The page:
Wednesday, April 19, 2006

AT&T Signs Akimbo, Reveals Plans For Web TV Service

AT&T Signs Akimbo, Reveals Plans For Web TV Service
San Jose Mercury News

AT&T yesterday announced that it will team with Akimbo to offer TV and movie downloads on its upcoming Web-based television service, set to be released this summer. Called HomeZone, the new AT&T service will launch in California and 12 other states by late summer. The telecom giant believes a Web-linked set top box is the media hub of the future, able to serve all of a customer's entertainment needs. This trend also underlines the massive shift the telecom industry is undergoing, as phone companies branch out into expanded Web services and, now, television.


AT&T's ambitions don't end there: according to the San Jose Mercury News, the company is also working on building a TV network called Lightspeed that will reach homes through the fiber-optic high-speed connections that it's currently spending billions on developing. HomeZone will include the following: TV from Dish Network, the company's joint-venture satellite TV project; DSL Internet service; downloadable movies from Movielink; TV and movie content from Akimbo; DVR functionality; and photo sharing and radio services from Yahoo.



AT&T to offer TV, movie downloads


By Jessie Seyfer

Mercury News

AT&T announced Tuesday that it will team up with San Mateo-based Akimbo to allow customers to download movies and shows over the Internet through AT&T's upcoming television service this summer.

The new AT&T service, called Homezone, is set to start in California and 12 other states by late summer.

The partnership brings the phone company a step closer to realizing its long-held desire to serve all of a customer's entertainment needs with one, Internet-linked set-top box. It also highlights the massive shift the telecommunications industry has undergone in recent years, as phone companies -- seeing their traditional phone-line sales diminish -- are branching out into television.

``The television services that we will be using in coming years will look much different than the service we used over the last 30 years,'' said industry analyst Jeff Kagan. ``Phone companies like AT&T are rushing to offer a competitive television service to allow them to compete with the cable television companies.''

AT&T's TV ambitions would encroach on some cable providers, which have dominated the pay-TV landscape for decades. On Tuesday, the leader of California's cable trade group derided AT&T's upcoming TV service as ``warmed-over DSL.''

But Homezone is not AT&T's first foray into television. The company has been offering satellite television service through a partnership with Dish Network since 2003, and is working on building a TV network called Lightspeed that will reach homes through fiber-optic connections over the next few years.

Homezone will combine several services:

• Live TV from the Dish Network

• DSL Internet service

• Major-studio movies downloadable from Movielink

• Older TV shows and movies downloadable from Akimbo

• Digital video recording

• Caller ID that appears on the television screen; and

• Photo-sharing and radio services from Yahoo.

The set-top box will be manufactured by San Jose-based 2Wire. AT&T did not release price information.

Akimbo brings its library of 10,000 television programs, from both mainstream and niche broadcasters, to the deal. The company, which has 41 employees and is privately funded, has been striking Internet content agreements with broadcasters since its 2004 inception.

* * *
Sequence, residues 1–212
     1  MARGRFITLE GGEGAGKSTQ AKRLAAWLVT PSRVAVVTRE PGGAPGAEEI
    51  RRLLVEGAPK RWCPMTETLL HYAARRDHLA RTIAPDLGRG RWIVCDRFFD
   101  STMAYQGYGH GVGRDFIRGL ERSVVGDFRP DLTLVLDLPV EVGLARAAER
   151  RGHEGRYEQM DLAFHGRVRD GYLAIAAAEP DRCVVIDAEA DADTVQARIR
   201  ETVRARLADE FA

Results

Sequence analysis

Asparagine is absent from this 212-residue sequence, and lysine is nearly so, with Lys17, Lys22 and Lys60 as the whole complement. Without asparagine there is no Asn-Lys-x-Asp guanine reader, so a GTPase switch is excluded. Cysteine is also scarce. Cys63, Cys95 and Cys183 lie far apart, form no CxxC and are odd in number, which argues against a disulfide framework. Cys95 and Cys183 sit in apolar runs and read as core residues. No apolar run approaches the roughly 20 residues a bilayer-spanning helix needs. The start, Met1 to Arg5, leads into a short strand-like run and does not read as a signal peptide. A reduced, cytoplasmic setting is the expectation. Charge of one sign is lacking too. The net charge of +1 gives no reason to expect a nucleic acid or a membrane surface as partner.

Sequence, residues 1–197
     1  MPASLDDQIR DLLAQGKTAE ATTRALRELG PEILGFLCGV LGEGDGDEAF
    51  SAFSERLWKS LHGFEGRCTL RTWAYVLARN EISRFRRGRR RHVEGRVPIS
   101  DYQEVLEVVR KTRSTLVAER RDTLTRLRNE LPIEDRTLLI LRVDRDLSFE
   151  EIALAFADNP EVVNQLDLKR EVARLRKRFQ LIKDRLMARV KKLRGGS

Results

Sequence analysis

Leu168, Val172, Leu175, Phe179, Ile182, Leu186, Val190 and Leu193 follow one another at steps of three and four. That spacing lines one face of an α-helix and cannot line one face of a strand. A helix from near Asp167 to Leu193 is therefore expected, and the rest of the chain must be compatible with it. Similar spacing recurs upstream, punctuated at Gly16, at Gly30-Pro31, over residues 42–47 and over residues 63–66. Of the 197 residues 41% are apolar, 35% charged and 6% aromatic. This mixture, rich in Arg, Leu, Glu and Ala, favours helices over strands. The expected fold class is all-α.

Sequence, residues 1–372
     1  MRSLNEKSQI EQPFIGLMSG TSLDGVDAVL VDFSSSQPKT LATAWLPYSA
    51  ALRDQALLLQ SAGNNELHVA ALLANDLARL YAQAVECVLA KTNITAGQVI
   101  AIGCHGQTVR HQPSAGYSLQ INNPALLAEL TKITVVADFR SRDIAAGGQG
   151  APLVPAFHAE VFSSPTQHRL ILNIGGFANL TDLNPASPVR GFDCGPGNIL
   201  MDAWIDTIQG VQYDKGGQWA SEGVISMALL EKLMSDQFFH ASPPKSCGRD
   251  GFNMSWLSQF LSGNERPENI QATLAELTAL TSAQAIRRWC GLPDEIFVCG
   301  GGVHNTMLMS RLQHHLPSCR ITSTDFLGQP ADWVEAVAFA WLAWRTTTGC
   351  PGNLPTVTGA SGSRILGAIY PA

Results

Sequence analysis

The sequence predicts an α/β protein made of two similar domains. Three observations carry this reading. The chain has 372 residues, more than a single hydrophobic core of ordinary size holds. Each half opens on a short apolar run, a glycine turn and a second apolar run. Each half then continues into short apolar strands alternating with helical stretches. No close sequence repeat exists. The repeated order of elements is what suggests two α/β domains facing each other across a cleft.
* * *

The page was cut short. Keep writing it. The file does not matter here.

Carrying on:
Akimbo now features selected shows from the Discovery Channel, the History Channel, A&E and CNN, among other channels, and its niche offerings run the gamut from Bollywood films to karaoke to coverage of yachting events.

``Our goal is to make the archive and libraries of all these content partners available,'' said Akimbo Chief Executive Josh Goldman. ``It's not a replacement for TV. But if you want to watch your favorite Discovery Channel shows, that's the kind of thing we do.''

Akimbo is also working with Movielink to launch a TV and movie service separate from the Homezone service later in the year.

Market research suggests customers are still uncertain about whether they're willing to buy television service from their phone company, according to In-Stat. Only 5 percent of satellite or cable-TV subscribers polled by In-Stat said they would be willing to switch to a phone company's service. Fifty-two percent were undecided.

Dennis Mangers, president of the California Cable and Telecommunications Association, a cable trade group, said Homezone is a cobbled-together product designed to please not customers, but politicians who are trying to figure out whether TV service from a phone company should be regulated the same way as cable TV.

``We think Homezone is really a fraud,'' Mangers said. ``AT&T is trying to use Homezone as a product to escape its obligations.''

Cable companies are required to strike franchise agreements with every city where cable TV is sold. These agreements ensure that cable service is rolled out to poor neighborhoods, which don't bring as much business to cable providers, as well as wealthy ones, which are more likely to buy premium service, Mangers said.

In California, AT&T has been lobbying for statewide, rather than local, franchise agreements. Mangers said he believes AT&T is trying to get out of bringing quality service to poor communities by offering such customers Homezone instead of the higher-tech Lightspeed service.

Ken Tysell, AT&T's director of broadband applications, rejected those allegations, calling Homezone a quality product that would ``complement'' Lightspeed service.

``We'll offer Homezone everywhere Lightspeed is available, but Homezone will still be an excellent product for those where we haven't deployed it,'' he said.


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